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VOL. XXXIII.-NO. 275. HELENA, MONTANA, SUNDAY MORNING. NOVEMBER 18, 1892-TWELVE PAGES PRICE FIVE CENTS.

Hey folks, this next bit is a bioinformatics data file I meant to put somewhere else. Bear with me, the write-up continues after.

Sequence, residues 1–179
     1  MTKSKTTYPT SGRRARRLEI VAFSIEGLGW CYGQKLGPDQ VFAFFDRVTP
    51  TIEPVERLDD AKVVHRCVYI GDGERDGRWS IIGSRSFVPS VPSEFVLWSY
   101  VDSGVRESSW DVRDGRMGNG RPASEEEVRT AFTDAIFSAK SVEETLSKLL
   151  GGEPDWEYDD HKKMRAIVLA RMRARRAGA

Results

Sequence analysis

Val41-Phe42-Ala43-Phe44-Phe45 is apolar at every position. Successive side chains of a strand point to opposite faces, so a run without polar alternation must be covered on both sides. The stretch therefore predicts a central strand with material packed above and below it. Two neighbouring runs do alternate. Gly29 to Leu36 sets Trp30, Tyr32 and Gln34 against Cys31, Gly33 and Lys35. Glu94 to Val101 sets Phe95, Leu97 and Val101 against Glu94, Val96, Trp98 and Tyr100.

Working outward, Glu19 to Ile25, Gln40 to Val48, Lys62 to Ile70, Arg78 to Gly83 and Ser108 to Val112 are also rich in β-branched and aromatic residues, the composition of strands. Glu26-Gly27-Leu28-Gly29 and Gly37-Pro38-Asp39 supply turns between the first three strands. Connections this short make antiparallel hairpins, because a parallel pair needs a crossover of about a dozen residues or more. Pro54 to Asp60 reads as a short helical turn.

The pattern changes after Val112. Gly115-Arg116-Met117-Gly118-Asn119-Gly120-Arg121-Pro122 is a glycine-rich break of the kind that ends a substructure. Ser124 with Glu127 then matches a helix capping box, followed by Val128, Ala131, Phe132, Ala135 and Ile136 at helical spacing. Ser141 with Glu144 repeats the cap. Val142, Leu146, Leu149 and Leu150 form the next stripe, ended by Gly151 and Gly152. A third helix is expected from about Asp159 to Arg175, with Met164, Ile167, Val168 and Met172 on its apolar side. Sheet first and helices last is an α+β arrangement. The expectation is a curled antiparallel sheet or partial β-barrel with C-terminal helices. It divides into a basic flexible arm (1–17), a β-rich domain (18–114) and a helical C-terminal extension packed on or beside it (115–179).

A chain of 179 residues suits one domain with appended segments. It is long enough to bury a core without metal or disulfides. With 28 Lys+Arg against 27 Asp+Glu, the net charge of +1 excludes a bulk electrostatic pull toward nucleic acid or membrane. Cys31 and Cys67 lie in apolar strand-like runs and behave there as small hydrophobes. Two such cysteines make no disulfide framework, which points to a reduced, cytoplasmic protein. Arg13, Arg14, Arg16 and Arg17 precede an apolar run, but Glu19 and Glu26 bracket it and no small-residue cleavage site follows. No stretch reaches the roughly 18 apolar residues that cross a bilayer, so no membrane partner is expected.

'GANS & K LEIN ON NOVEMBER 13TII, 1833 he United States and the West ndies witnessed the greatest lisplay of falling stars ever bserved. A spectacle of awful sublimity vas presented at Niagara Falls vhere the two powgrs in nature, vater and fire engaged in an mulative display of their grand ur. The nature and origin of hooting stars is still a puzzle to cience. TAILOR MADE. Men's OQercoats, Men's' Ulsters, len's Suits, Men's Trousers. These are heavy-weights, adapted to cold weather and the latest designs and styles in the market. Boys' Ulsters, Boys' OQercoats, Boys' Reefers, Boys' Suits, (With Long Trousers.) Boys' Suits, (With Knee Trousers.) B F EXTRA Boys TROUSERS, (Long and Short) These are our special depart ment offerings, and are rea -onable in price, handsome in design, and manufactured of wear-resisting goods. Dr. Yaeger' s Celebrated Sanitary Wear. All Wool, Men's, Ladies' and Children's Garments. The garlments manufactured by the Dr. Yaeger Co. are ab soluLely a1f-wool and espe clully valuable for Ladies', Misses' anld Children's wear as uiindler-clothing. We Are Sole Agents. (I talopluesl' Suppdlell on Applllcation. t¶LEIN AGAINST THE ARMY BILL or Publio Sentiment Unanimous in a Germany That the Measure $1 Is Unwise. ti If It Fails to Pass the Relohsetag Caprivi Will Resign His Post. t Case Who Would Succeed Him ? egotiatlons Between Itusla and France Broken Ol d [Copyrght. 18L2. New York Asonltat Pre.s.1 a BE.nIN, Nov. 12,-At the concnrrent eeet- a ings of centrists in Bavaria, Baden and a Wurtepnbnrg, thert:wns an almost unaul mous dentiment Reiunst the army bill. This r, attituoe of the cedtrists has shattered the u confidqnce of t64 ministerialists in the t] reiobstag in the deceptance of the meas ure. Centrist papers have reverted to their former denunciations of the bill, and no o single organ of the centre party now advo- r cates anything but uncompromising hos- h tility to it. Popular opposition to the 0 measure is also growing among the people j who are growing more and more alive to the fact that the bill will entail upon them financial burdens by raising the price of tobacco, beer and spirits. Disclosure of the fact that Prussia is financially embar- a rassed, taken with the proposal of Dr. t Miguel, Prussian minister of finance, to e levy a tax on capital, has contributed to b revulsion against the government's finan- b cial policy generally. The bill will be in- ' troduced into the reichstug the 24th, and if , defeated Caprivi will resign. The em- a peror is not an enthusiastic adherent of r the project. His majesty is credited with a giving final assent to it, remarking to the chancellor: "You risk much over this." Members of the reichstag and landtag, who are now gathering here, con car in reporting that their constituents die. C like the prospect of increased taxation for army purposes, though willing to naree to the two years service provision. Count von Eulenberg. president of the Prussian coun- I oil of ministers, and Paince Hohenlohe- t Statthalter, of Alsace-Lorraine, are favor- I ites in case Caprivi is compelled to resign. Official information from St. Petersbura contradicts both the reported conclusion I of a Franco-ltussian alliance and sensa tional stories that Russian troops are being concentrated upon the frontier. The weak ness of the French government in dealing 4 with the socialists, and the prospect of a radical ministry in Paris have intensely r displeased the czar, who has ordered the 1 susponsion of negotiations for the treaty. I The tumor regarding the movement of I Russian troops had its or lain in the Paris Matin. It is due to the fact that garrisons remhoved from frontier stations during the cholera pIoiod are now returning to their posts. Many German papers in welcoming Clevelanar's election to the presidency of the United 'tates seem to think his advent will Involve the early disappearance of the McKlinley bill. Better informed journals discuss the election from another stnrud point, paying due respect to the grand sight of a free people peacefully declaring their sovereign will. ' he Vosscrhe Zeitung calls America the mightiest nation in the worl, becaase shte has no reason to either ask for fear anything from ainy other nra tion. All papers agree in ho!ing.the M-c Kinley tariff will be modified. homo of them think the tariff has done less harm to German exports than was exp.ected, only textile manufacturers of Saxony having suffered much. The Berlin Merchants and Manufnc turers club decided to orcanize a German exhibition to be h]ld in 18h95 or 1897 in lieu of the abandoned German World's exbhibi tiot. The ollicial register of German ex hibitors at the Chieargo Columbian exhibi tion shows that 3,300 firms will be repre sented. WVinle producers are especially nuimrons, numbeoing 267. In the book trade 3+30 house will be represented. Mining, Iron working alnd textile indus t ies will be sparsely represented. Another Icess pleasing enterprise connected with the fni. has been discovered in country dis tricts, where agents were trying to entice girls to go to Chicago. The authorities mradl so. t work of thie. 't'h will of the late dowager queen of Wurtemberg bequenathed 84,01J00,000 marks. (r this sum 10,000.000 marks were given to her ucice, Princess Veia, of Wurtemberg, and several million marks to Princess Vera's two daughters. The king of Wurtemberg receives 10.000,000 marks. The reinainder is widely distributed among other relatives. TROUBILE IN SAMOA. Natives and Whites Equally Dissatisfied With AIfairs. NEW YORna, Nov. 12.-The authorities at Washington evidently fear serious trouble may arise in aamon and have decided to take steps to protect the Interests of the United State in that country by the p es once of an American warship, says the Herald's Washington co, respondent. It will be well toward the middle of January, however, before the HRaniger, which has beent orderaed to Srlnoa.. reaches its destination. A letter received here front a resident or Apia confirius tie news received by the au thlorities at Washington about the threaten ing asnect in Samoa. BIoth political and business allffairs are reported as being in a Sbad way. 'Ihe natives have been diasatis fled with thel working of the Berlin treaty for mote than two years, says the writer, anid a miajority of the white residents share the dliaesti~ifnction. American land Eigllsh residents ,bject equally with the natives to the adminisiration of Chief Justice Ledar kranz and 1laron Vou Pilsach, who, it is charged, discriminate strongly in favor of German residents andl seek indirectly to drive out American and English traders. lll-feeling betweet the two native fac tions has been growing for two years and for several months has been on the point of resulting in another civil war. The fao tions are represented by Mlalieton Lupepa, the t resent king, and Hiigh Chief Matamfn, who ,fllciated ie analietoa or king during the time Lunpepa was deported and kept trisoner Iby the Germanai. When Luptera was restored to his kinudom Mataaia and his followers, believing they were durpedl and had not receiveod just reward for the shedding of blood and doing all the hard fighting against the nativetebel chief Tam sseses, with their allies, the GOermnsu, re tired to a distant part of the island of UIpola and there fortilfied themselves and have since remained. Mlatana and forces refused to visit lupepa anid render alleg ialloe to him. ()a several occasions recently Matanita's sldiersr have been on the point of toing to war with the kilu's forces, but were wisely reitrained by Marlsafa. who is toemod Iy thie American residents the (ietigo nWshtligton of Samoa. The only warship in Hanouan waters Oct)c. 25 was the Germnt steamer Buzzard. .eulredl Evldslntte With Whisky. Vrc!rotbA, 1H. C., Nov, 12.-The govern ment steamner Qtuandra, with Major Sher wood, captain of the Dominion of Canada police, on board. is now patrolling the west onet of Vancouver island making inquiries bout the revenue cutter Corwin, which ailed early in the spring. The sealers sported to the government that the Ameri en naval officers visited the sealman and istributed free whisky to tihe Indians, cud, after the latter became drunk, seemued heir signatures to statements regarding he sealing ooerations manufactured to suit he American ease. At the time the stories were circulated they were not believed, but be Indians maintained the trutbfulness of Their statements; hence the investigation. A Rumored Engagement. LoNDON, Nov. 12.--Rumors to the effect hat Lord Roseberry, secretary of foreign tffairs, and Princess Victoria, eldest un narried daughter of the princess of Wales. I Ire betrothed, has been discussed in so siety papers for some time past. While lisoredited in well informed circles, no ab colute denial is obtained, and consequently eredence is given them. The fact that Lo:d 1toseberry attended the fifty-fist eel ebration of the prince of Wales' birthday It bandringham Wednesday is construed as t Soria was born in Marlborough house, Lon Ion, July 16, 1868. In face and figure she resembles her mother. It is believed a I union df the daughter of the heir to the t throne with so pronounced and dieting- i unished a liberal would have marked polit lcal effect. Lord Roseberry, though long prominet in publio affairs, is only 45 years I old. His first wife, to whom he was mar ried in 1878. was the only daughter ,nd I beiress of Baron Mayer Amechel de Roths hbild. Her death in Nov. 18, 1890, was widely lamented. By her Lord Ioseberry had four children, two girls and two boss. The New Mannllcher Rifle. VIENNA, Nov. 12.-The experiments with the new Mannlicher rifle by government experts proved in every way to be satisfac tory. It fires 120 rounds per minute and is sighted at 2,700 yards. It is of a smaller bo.e than tihe previous Munrlichers, and bullets have an increased velocity, the weight of cartridges is lessened and the recoil is reduced to the minimum. The shots can fired in rapid succession or at any desired interval. The experts pro nounce the mechanism of the new weapon sound and simple. Though it pours out a hailstorm of bullets, it does not become too hot to handle. Anarchistic Rant and BIasephemy. BERLIN, Nov. 12.-A meeting of anar chists was held to-day at which the anarchists executed at Chicago for the Haymarket massacre were exalted as mar tyres, and Rtavachol, the French anarchist. murderer and thief, who suffered death by the guilotine, praised as one who gave his life to advance the cause of universal free dom. All the speakers indulged in the rant and blasphemy common to an anarchist gathering. Quite a number of women were present. Eighty Hours in Danger. GLAsGow, Nov. 12.-The British steamer Canadian, from Baltimore, reports most fearful weather during the passage. Tre micendous seas broke over her and Captain Goodwin was compelled to heave the vessel to. She remained in this position eighty hours. Of the cattle she had on board fifty head were lost. 11161H PRICED IIORSES. One of Themn Bought by Marcus Daly Other Purelmaersd. NEw YORx, Nov. 12.-There was a large attendance at the sale of race horses in training and yearlings from the stables of Frank A. Ebret, Col. James E. Pepper and Foxhall Keene, at Tattersalls to-night. The prices paid for twenty-six horses, the property of Ehrot. aggregated $223,250. It is said Ebret was offered $250,000 for the entire stable before the sale, but refused the offer. Among the horses sold and tihe pu:chas-rs were the following: Ehret's stable-Demuth, to M. F. Dwyer, $6,300; Fairy, to J. H. Vendico. $10,000; lRev Dol Hey, to K. Neal, $8,000; Yorkville Belle, to J. H. Vendigo, $24,000; Sir Francir, to Marcus Daly, $2G.0110; Runeon, to A. F. Wolcott, $13,100; H\ormeer, to S. E. Smith, $6,500; Don Alonzo, to M. F. Dwyer, $30,000; Lidgerwood, to J. 1R. Ketene. $9,100; Young Arion. to J. iRupet, $9,750; By Jove, to Matthew M. Allen, $5.500; Thureston., to David Gideon. $0.200; Powers, to J. Rt. Keene. $11,500; Dobbins, to J. H. Vendigo, $20,201); a brown filly by Longfellow, to David Gideon, $5,000; Cunarder, to David Gideon, $5,000 Pro: o tv of Col. Pepper: Chant, to 11. L. Howei $,000. A STRIKE SETTLED. Bloler-Makers at (great FIlls to Go to Work. GR.atr FALLS, Nov. 11.-[Special.]-The strike of the Great Northern boilermakers in the Great Falls shore, which began some weeks ego, has come to an end, through conference with officials, and acompromise, whereby they sign a two-year contract at $3.35 per day. The non-union men who have taken the union men's places, are under contract for a year with the com pany, and will be allowed to work out that time. I)uring this period the striking union men will be employed on other di visions. Found Dead In Iled. Irvisu''roN, Nov. 12.-[Spocial.]-Chas. Webber, a mccbhnist, was found dead in his room at the railroad boarding house early this morning, It was evident that death resulted from lheart troubles and the coroner decide.l an inquest unnecessary. Webber came to Livingston several days ago and had applied for employment at the Northern Pacific shops. It is not known where he resided previous to coming to this city, save that he had worked a short at time Missoula. He was 58 years old. illssouni Falcure. Mlsaolr1A, Nov. 12.--[Rpeoinl,]--H. C. ichibborn, proprietor of the Hiohborn pharmacy, failed to-day. The heaviest creditors are the First National bank and iI. H. liichborn. The liabilities ate $14, 1()0. There are no preferred creditors. Ieahestetd Mormnol Propertly. PAl.T LAKEI Nov. 12.- -Tlhe territorial su premee court to-day reversed the ruling of thie master in chancery on escheated perso nal property of the Mormou churcb, amoantng to about three-qcuarters of a million dolla:e. The master ruled thtat this should go to the publio schools. iThe court overruled himt, asd snaya tiee noney should go to the charitable snd blenevolent uses of the Mormon olhuroch, ar for the re pairing of pieces of worship of esed church, and apploints Leonard 0. l1arry. a Mooremoe, as trustee, to carry out the purposesn to which the decision devotes thle funds, with a bond of $ ,00..000. United Sntatues Attorney Varian galve notice of an appeal to the United State supremte court. Ohservel bty the ltedenats. OeAtnoO, Nov. 12.-Tihe anarchists ob served the fifth anniversary of the leaneing of Spies, IParsons, Egles and Fisher, by t mass seeting to-night, at which MIrs. PLar sons delivered a tirade, but other speeches were pacifle. THE NEXT U. S. SENAIE, I!J Al Many Democrats as Republicans t and Populists May Be Members.. No Democratic Members Lost and At Least Four Have Been Gained. d Late Returns Reaelved From Nome States Yet in Doubt-Time Democrats Ratify to time East. t] " h WAsmNrrox, Nov. 11.-On March 4, 1893, I' twenty-five seats in the United States sen ate become vacant. Control of these sena- a tprXal vacancies was at stake in the recant t presidential election, and it is now evident that the democratic party has captured enough of the vacancies to insure suprem- e ady in the senate regardless of almost any r possible combinations between republicnns and populists. Assuming that Montana, California and Wyoming will send demo cratio senators, the democrats, at the be ginning of the Fifty-third congress, would I have as many senators as the republicans t and populists combined, and thus would be c able to organize the senate by the casting t vote of Vice President-Elect Stevenson. It is reasonably certain, however, that the democrats can rely on the support of some of the populist senators in any of their probctse, whether for the removal of the i preant force of republican employee or c revision of the tariff. Of the twenty-five senatorial seats vacant March 4, 18983, the democrats will name the occupants of thirteen, the republicans nine, the popu- 1 lists three, one being Senator Stewart, of c Nevada, who has gone from the republican party. ''he democrats lose no seats they now hold and gain five from the repub licans-one each in California, Montana, New York, Wisconsin, Wyoming. The populists gain senators from the repub licans in Kansas and Nebraska, besides Senator Stewart, of Nevada,who will buc. ceed himself. Some doubt still surrounds the complex ion of the legislatures in California, Mon tana, Wyoming and Nebraska, but late re turns all say the democrats have gained the legislatures in the first three named states and the' populists in the last. The eleo Lions just held will also have an important beariag on the control of the senate dur ing the last two years of President-elect Cleveland's administration, for a number of those elected last Tuesday will hold over to vote for senators two years hence. The ternms of twenty-seven senators expire March 4, 1895. They come from the states of Alatama, Arkansas, Colorado, Dela ware. Georgia, ,, Idaho, Illinois, Iowa. kIsetarck, Louisiana, Maine, Mae sachusetts, Michigan, Minnesota, Mon tena, Nebraska, New Hampehire, New Jersey, North Carolina. Oregon, Rhode Island, South Carolina. South Dakota, Ten nessee, Texas, West Virginia and W\yoming. The democrats appear also to have the ad vantage as respects these vacancies. As disclosed by last Tuesday's election the states of Colorado, Delawae, Illinois, Mon tane, Nebraska and Wyoming are at leant doubtful, and any addition at this time to the doubtful list would be of republicanI states. All of the six states named as doubtful are at present represented by re publican senators, so that all of them must be retained for the republicans to remain as strong two ears hence as now, provid ing, of course, the whirligig of politics does not bring about a change In their favor that will knock to pieces all ordinary polit cal calculations. The senate, March 4 next, will consist of forty-four democrats. forty republicans, four populists. Don't Know VWhere They Are. DsTnOIT, Nov. 12.-Chairman Campnan, of the democratic state central committee, claims that Wm. Newton, for justice of the supreme court; A. A. Ellis, for attorney general, and G. T. Sehaffer, for commis sioner of state land office, on the fusion ticket, are elected. The plurality for Rich, republican, for governor, is anywhere from 8,000 to 13,000, according to the claims of the different parties. On this subject a local paper says: "Reports received this morning from the chairmen of the demo cratic committees of forty-three of the eighty-four counties show that the total for Ewing, populist, for governor, was 17,165. This vote would wipe out the republican plurality, even if it was what the republi can state committee claimed, and leave a sate majority for the candidate on both tickets. If the democratic committee's es tiirates of a plurality for Rich over Morse are correct, Ellis, Newton and Schaffer are elected by irore than G.000 plurality. Biut ]Ewiui is probably bel .rd most of his nas socrates on the peopl s ticket, so the joint vote of both parties on governor is ant ex cellout indication of what the vote will br on the other offices." (Canled ao Mr. Cleveldammld. Nrw\ Your, Nov. 12,-Not once during the day was the curb in flont of the Cleveland residence unblocked by the wheels of carri ages. One of the distinguished men who paid complimients was Senator Carlisle. of Kentucky, with whom Cleveland had a two hours' conference. It is understood they discussed in a general way the possi Lilities of thire reforms to be accomplishel by the next congress. Cleveland expressed a desire to see Speaker Crisp and it is ex pected he will be here early next week. 1t is proposed to begin the new adminuisutra tion with a thorough underlstanding be tween liaders anti whatever legislation may ire brought no will be carefully sounded be fore it is proposed and enacted. At lunrch ran Cleveland had the oaster spirits of the campsian with him. A serious post-pran dial discussion was the analysis of the vote on the issues of the day. Cleveland sug Sgested that unail it coulr be *stisfanetriv shown just why there was such tin unfur seen flop It would be wise to go slow. tVill Not Ie Mean. VAVnntsrohnO, Nov. 12. -it was said at the White house to-day that the president had decided to pursue a strictly conservative course in atll matters relating to appoint mentse. Hlie does not desire to lay the ad miinistration open to thire charmie of arbitra rily depriving the ncoaisng alniztnistratiun of patronage, in a spirit of vindictiveoess or reltlatirn. C.'onlsequeuntly hel will ex tend the elastifled servire. only to tile tie gree which he had de~terlltmnd urpon in caeo he were re-elected. 'li'ls will not atleent miora than half a dozen positions in each department. Painted chleago lIsiedt. Cltraoo, Nov. 12.--bChioago demrooracy painted the city a deep crimson here to niright. To the numbler of four thousand the lsuPlortors of Clrveuland and Steveitnson paraded the streete In honor of their party's triumph. IThe purade contamned it hundred Strtanparenties, covered with black lettered expr.slone of democratic glee. Four etal nit min, in linen dusters, carried a collin c which waw inscribed "McKinley--l)ind ovemnter 8. 18W2." A short distance He id McKilley's corpse came a hugn 'lrandpa's Hlat." IFollowing caille rank ter rank of rln carrying long poles uipon to ends of which were aoesa, snllil con inlng n live ioater. 'I hroughunt the trade fireworks were used liberally, and so ollbes of democratic newspapers were ritahble volcanoes of iomain candles. ickets antd red fire. After the parade as any of the l'artloipants as could squeeze ito Battery I) listAned to locIu orators. Up ai d at 'Foim Agan,. DI)E MOINre, owa, Nov. 12. --fen. J. I. leaver, people's party candidate for presi let, says his party is not a temporary fair, but is going to stay in the foild and n factor in every campaign for ther itore. He says that all over the country is work of organizing will bIe pushed eadily. Ili also said lie ihad received p 1 ate advices from Alabama which convince Imn that he carried that state by 3.0~9) lurality ind he expects to mnlke I fight for it; that Kolb's friends ill stand by hire. At they pproaching inauguration of governor inl but state he will take the oath of office and is friends and esuporters will see to it tat he secures possession of the office to liich he was honestly elected. Weaver I ays lie intends to go to Alabama in the ear future. '1 lie wo:k of organization in i is party will be pushetrd in that section. Democratic Senator in Sigiht. SAN FiLANcisco, Nov. 12.--The final coml. utation of the returns from California on he election have been made. Tre oilicial oumt next week will determine the result ilefnitely. Thle last returns from all except 83 precincts of this city and state at large ive Harrison 101,715, Cleveland 105.529, Veaver 28,816: liarris'n's plurality 4,180;. This will plooialy not be changed rdater ally by the additional returns. No chanen I n the conirressional contest of the ''hlird listriot (only one in doubt) and the lances there are favorable to Hilburn. re mublican. The other six districts will re orn three democrats two repunlicans nnd ie fusionist (democrats and ipeople's tarty). The latest returns seem to indi ate that the democrats will have sixty wo members in the next legislature, giving hem a majority of two on joint ballot, Close Figuring In Ohio. Col .unus, O., Nov. 12.-The republican state committee had received official re urns from Hamilton county at midnight, which was the last to be heard from. It Ihows a gain over the estimates for Taylor, republican, for secretary of state, of sev nuty-nine. and makes his plurality in the state 3,054. The plurality for the ro.ub ican electors is b72, with the exception of Seward, who heals the democratic electors. )fficial returns from twenty-one conuties it the office of the secretary of state show hat he ran ahead nearly five hundrqd rotes, due to democratic blunders in roting, and the same facts are true of Dan ord, who heads the republican electors. The net republican gain in twenty-one :ounties over estimates and unofficial re ports is thitty-two. Populist Victory in Kansas. TOPF.KA. Kan., Nov. 12.-It will require the official count to determine positively whether the republicans or people's pa ty havi a majority of the legislature, but the indications are that the populist victory extends even to that body. The populiat majority would, of course, elect a populist to succeed -enator Perkins. Of the new people's party conerevssmen elect, Charlie ICurtis is a quarter-blood Indian, and Col. W. A. Harris, an ex-confederate colonel, and the fact that he was elected from the tate at large makes the selection oartiou arly unique. First Out For a Job. WAsImNoTroN, Nov. 12.-Probably the first man to apply for an office because of dem ecratic success at the polls is it resident of Cieorgie, who appeared at the treasury de partment this morning and showed Secre tary Foster a letter of recommendation from Speaker Crisp. He modestly said he would like to have some office under the treasury department. The secretar y treated bhim cordially and said le would place the application on file for the consideration of his successor. Overflowing With Joy. KANSAS CITY, Nov. 12.-The democrats of Kansas City, reinforced by democratic dele gations fromt surrounding towns in Kansas and Missou i, celebrated the result of the election to-night. They parade.l the streets, blew till horns, made other noises, and burned a quantity of powder. The paradr was reviewe I by Gov. Francis end Gav.-ElectStone, who, litter in the evening, addressed a big crowd at the wigwam. Savedl Part of North Dakota. IshlmrA\RCK, N. D.. Nov. 12.-Returns to day make the defeat of the republican state ticket certain, except the secretary of state, but the letislature will be republican on joint ballot by it least twenty, thus insur ing the election of the United States sena tor. Johnson, for congress is elected by ia small majority. In t(he Weaver Fold. Ilorls, idaho,. Nov. l12.--lieturns from three-fourths of the counties of the state give the Weaver electo sa plurality of 2,)050); McC'onell, republicau, for gave'nor. 1,100; : weet, republical, for colnglre, 2.01O0. 'lihr reopubtlitin statr ticket is elected by a plurality of 5li)) to 3.0o,. Fiirst Title In I loken You'rn. 1'oaur .uo'r'r. las., Nov. 12-- 'letary for the conetrtutttonal areiOndmenit )roldlrtion in this countie was assult d yesterday Iand simultnneously seve:n ai arlours were openedl in thlis city. 'IThe police colunissione s, who ihave Iheen very tetavo iin prosecutin' the violators of law, will reoirn liii h)oct lu her I. and have InnouniUtCred that tihey will nrot further prosee'te. 'ihis is tire flirsat tiume in eleven years that a saloon has )ruen runr openly. Ellopet Tt rei'l Sit.., Tnion ir titn e tily. I'llrvis, Miss., Nov. 1.-Miss Leorna Ioltt nd ltafryrtte Statnie elopedh to-rlday. 'lTh intendedl bride staid at aI neighbor's house near by while Stlade went for a iconseU'. t)ne Mr. .ones caries enlre aluo t ad MIs lrott tbhen eloped with htnh Tliey went ti the resi lenoe oi . 11. (LOriflltn. Joiee aIlo left her and \vent for a licoitR., after wlhichl Miss ILott eloped a third time with \Williaim (iiif tin. 'Thley caine to this pluae anid were imarried. I- rten.dinatln and liruke. Situs ti-vr, lii., Nov. 12.-Dr. llenry A. Sladt. the splritualist whiose career iin Ion dou and ulllsetluent tritl for fraudl createdl i sensation hiurteenr yours ago, and who of rlate y-orrs has Ieon the le'.rlinug nedinun of Parisn, was to-day taken tol the sarntnriulu uotitail in thut city, aiteurinlg Iroru nervous irosltraition bordlering on insanity. lie Is without money and utterly friendless. Mlr. C'levelinld alt the Fnl, Nea' YOlur, Nov. 12'.-The announcemlent that Mrs. (Irover Clevelindl would visit the fair for the benefit of tile kintdhtrgarton scliools, at ,larger'r hlnll to-night, lrow an itmense trow.t. VWhen the lady at tempted to inotve about to see the fair, the services of two policomen were required to make way for her. DEMOCIATIC S[NAIOR, aasonablo Ground for the Hope That One Will Be Chosen in Montana. 1retty Sure to Get One or Two Members From Moagher County. lay Yet (ain Onel ln Sllver lHow and Also In C5[o5nila a-- ltepuiatileass in the Minority. The probability that the democrats will lect a United States senator in this state is till very strong, although the returns re eived yesterday shifted somewhat their ource of strength. 't'hese returns made it ositlve that the repnblicnns would have wo votes from Choteau instead of one, and lso that they have the Cascade and Daw on joint representative, but the advioes ow indicate the election of at least one lemnocrat in Moagher, possibly two, and beat they will have three members of the i;ver Bow delegation instead of two. Nor a it beyond peradventueo that the delega tion from Missoula will not be soldly demo ,ratic. Any one of these contingencies may give thern the one vote needed to elect without the aid of any other member. Of course the position to be taken by the pop Ilists is unknown. Certain it is that the house cannot organize without these mem. berm either voting with one of the old par ties or one of the old parties voting with them. The house will almost certainly stand twenty-five to twenty-six, with four populists. The senate will promptly or ganize with ten democrats and six republi cans present and Lieut.-Gov, Botkin pre siding. Reports have been received from 2150 pre cincts on the capital vote. The result is: Anaconda, 9,124, Boulder 260, Bozeman 5,86, Buttoe 6,972, Deer Lodge 720, Great Falls 3,5.1, Helena 11,865. Total, 38,156. FIRtST OFFICIAL, CANVASS. Made In Yellnwstone County Saturday 'Ile Resl its. BELrtyrne, Nov. 12.-[Special.]-The of flcial count of Yellowstone county was made to-day; Harrison 479, Cleveland 369., Weaver 23. Bidwell 18; congress, Atkins 22, Dixon 382, Edwards 26, Hartman 444; gov ernor, Collins 383, Kennedy 24, Rickards 452. Waters 16; lieutenant-governor, Botkin 465, Cullum 24, Melton 369, Templeton 22; secretary, Allen 23, Folk 373, Gardner 22, Rotwitt 415; treasurer, Corbly 18, Haston 382, Lear 22.Wrihbt 433: auditor. Cook, 457, McKay 29. Smith 19, Whaley 370; attorney geneal, Day 3117, Haskell 442, Knowles ilJ; superintendent, Hunter 68, Mahoney 374, Steere 425; chief justice, Blake 457, Pember ton 401; clerk of the supreme court, Coates 2(, Peck 16, Sloane 37:13, Webster 458: judge of the seventh district, Milburn 482, Stre vell 3:17; legislature, Babcock 480, O'Don nell 427. Capital vote: Anaconda 14, Boulder 4, Bozeman t533, Butte 45, Deer Lodge 2, Great Falls 7, Helena 314; total vote on the cap ital 919. CL.OSE IN SILVER 1BOW. Status of tile Legi.slative Delegation not Yet I)etermlined. EITTTr, Nov. 12.--[Special.] -Complete unofficial returns from all precincts in Sil ver Bow county give Ilarrison 3.24:1, Cleve land 2,567, Weaver 2.477. Dixon for con gress carries the county by a plurality of 14. The vote is: Dixon 2,765, Hartman 2,751, Edwards 2.1371. It will require the ofticial count to determine whether two or three democrats are chosen from this county. On Several candidates the vote is almost a tie. The present indications are that thorsuccessful candidates for the lower house are Aunear, Swett, Graves, Laurence and Monteith, republicans; Wilson, KIlgal Ion and Fitschen, democrats, and Bray and Mathews, populists. The oflioiat returns now show that Howard, populist, or Stev enson, republican, has been chosen in place of Fitschen, democrat. McDermott, dem ocrat, is chosen to the senate by a plurality of less than 50. Caneialoe Itepraesenat ives. (iG.,T F.l.ae, Nov. 12.-LSpecial.]--For joint rel rese.ntaitve, Cascade and Dawsorn, Lewis, republican, gets 1,'07 and Smith, democrat, 1,075, with four or five small pre cincts, whiCh will not Ib, known until the oflicial count, nud which will slightly in crease Lewis' najrit,. Later returnus do not chiange the reLulitr ('ascade representa tives who will be 'iallaat. republican, and Bliecher, people's party, endorsed by the democrats. W ii:'i'i.rE 8th.|iii eSplNt,s. Niov. 12.-[Spe eiial. --Meaghor county dcut:erit: elect the treaueu cr, assoasuo, supurirteudernt of schools, public administrator, arid p ob ably ono conummissionter. lBthi democratio roepresentatives are aheoad, but four small precinlcts to hear from imay defeat them. T'lhe republican senator is elected. ' wio tepulilie.iis- in (hlusonu. lioar liN. ix, Nov. 12.-[S-iecial.J-Un ofticial returns frou every urecinct hzve beeu received anld show the election of Burns and laeach, repuiblicans. 'lre latte,'s maujority ias twelve. T'he ollolal count will show about the same result. 'Two Precnllle Unreportled. Bresiotnt, Nov. 11.-- Spoecial. --tp to this imorning there were only two preciuots unheard from, iirdee and iHushole. Par dee fives a small democati manjority. arind liossbole is relublican by about seven v oteo. Sery I-'e ItSratn. W.r eirt NittO;, Nov. 12.---oenator Joha Shernman this ifternoon was asked whether it is true. as reported, that lie 1r to resign his seat in the senriate in favor of Hecretary Charles F'oter. lts very quietly, but effectively. disloseld of the story by sayilng he knew nothUing of it, and if any one Is authority on the subject hie should be that person. .Set Upon Tweo wedea IlIrarirOU. Conn., Nov. 12.--A band of desperadoes set uponr two Siwedes at the foot of Talcott mountain at a late hour to. night. 'Ihey stoined one to death and shot the other, probably fatally. lRobbery was the motive of the crime. No clue has been discoveied as to the perpeetrators of the outragge.